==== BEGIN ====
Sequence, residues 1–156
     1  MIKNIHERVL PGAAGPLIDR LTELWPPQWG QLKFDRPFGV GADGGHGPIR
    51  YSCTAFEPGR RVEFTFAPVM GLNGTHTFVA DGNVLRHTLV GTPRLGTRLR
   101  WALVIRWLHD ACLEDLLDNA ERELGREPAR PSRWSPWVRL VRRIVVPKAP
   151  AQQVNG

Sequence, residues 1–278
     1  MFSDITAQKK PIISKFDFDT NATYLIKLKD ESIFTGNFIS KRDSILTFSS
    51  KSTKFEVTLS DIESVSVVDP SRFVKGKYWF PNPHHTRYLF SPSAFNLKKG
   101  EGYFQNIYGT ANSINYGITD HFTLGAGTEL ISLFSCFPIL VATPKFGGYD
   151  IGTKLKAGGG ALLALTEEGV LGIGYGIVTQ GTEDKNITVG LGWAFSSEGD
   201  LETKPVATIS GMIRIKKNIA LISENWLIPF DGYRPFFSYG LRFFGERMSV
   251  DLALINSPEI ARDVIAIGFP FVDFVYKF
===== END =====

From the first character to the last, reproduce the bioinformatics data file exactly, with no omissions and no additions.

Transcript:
Sequence, residues 1–156
     1  MIKNIHERVL PGAAGPLIDR LTELWPPQWG QLKFDRPFGV GADGGHGPIR
    51  YSCTAFEPGR RVEFTFAPVM GLNGTHTFVA DGNVLRHTLV GTPRLGTRLR
   101  WALVIRWLHD ACLEDLLDNA ERELGREPAR PSRWSPWVRL VRRIVVPKAP
   151  AQQVNG

Sequence, residues 1–278
     1  MFSDITAQKK PIISKFDFDT NATYLIKLKD ESIFTGNFIS KRDSILTFSS
    51  KSTKFEVTLS DIESVSVVDP SRFVKGKYWF PNPHHTRYLF SPSAFNLKKG
   101  EGYFQNIYGT ANSINYGITD HFTLGAGTEL ISLFSCFPIL VATPKFGGYD
   151  IGTKLKAGGG ALLALTEEGV LGIGYGIVTQ GTEDKNITVG LGWAFSSEGD
   201  LETKPVATIS GMIRIKKNIA LISENWLIPF DGYRPFFSYG LRFFGERMSV
   251  DLALINSPEI ARDVIAIGFP FVDFVYKF